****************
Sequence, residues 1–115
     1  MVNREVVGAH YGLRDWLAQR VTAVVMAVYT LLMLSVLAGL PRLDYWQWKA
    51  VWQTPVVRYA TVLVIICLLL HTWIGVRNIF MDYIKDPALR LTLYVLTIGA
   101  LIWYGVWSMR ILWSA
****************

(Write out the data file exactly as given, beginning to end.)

Sequence, residues 1–115
     1  MVNREVVGAH YGLRDWLAQR VTAVVMAVYT LLMLSVLAGL PRLDYWQWKA
    51  VWQTPVVRYA TVLVIICLLL HTWIGVRNIF MDYIKDPALR LTLYVLTIGA
   101  LIWYGVWSMR ILWSA